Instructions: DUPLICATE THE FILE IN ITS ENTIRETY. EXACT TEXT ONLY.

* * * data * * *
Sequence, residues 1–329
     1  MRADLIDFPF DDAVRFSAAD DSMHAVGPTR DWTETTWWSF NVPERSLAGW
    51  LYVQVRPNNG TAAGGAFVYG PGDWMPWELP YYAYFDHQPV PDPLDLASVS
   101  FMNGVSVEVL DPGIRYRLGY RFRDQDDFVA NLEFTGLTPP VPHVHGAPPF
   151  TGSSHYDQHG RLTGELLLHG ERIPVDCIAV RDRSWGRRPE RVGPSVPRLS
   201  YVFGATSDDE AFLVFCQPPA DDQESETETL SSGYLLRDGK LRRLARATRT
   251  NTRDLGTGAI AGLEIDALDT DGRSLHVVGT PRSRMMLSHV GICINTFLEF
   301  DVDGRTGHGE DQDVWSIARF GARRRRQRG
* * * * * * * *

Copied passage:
Sequence, residues 1–329
     1  MRADLIDFPF DDAVRFSAAD DSMHAVGPTR DWTETTWWSF NVPERSLAGW
    51  LYVQVRPNNG TAAGGAFVYG PGDWMPWELP YYAYFDHQPV PDPLDLASVS
   101  FMNGVSVEVL DPGIRYRLGY RFRDQDDFVA NLEFTGLTPP VPHVHGAPPF
   151  TGSSHYDQHG RLTGELLLHG ERIPVDCIAV RDRSWGRRPE RVGPSVPRLS
   201  YVFGATSDDE AFLVFCQPPA DDQESETETL SSGYLLRDGK LRRLARATRT
   251  NTRDLGTGAI AGLEIDALDT DGRSLHVVGT PRSRMMLSHV GICINTFLEF
   301  DVDGRTGHGE DQDVWSIARF GARRRRQRG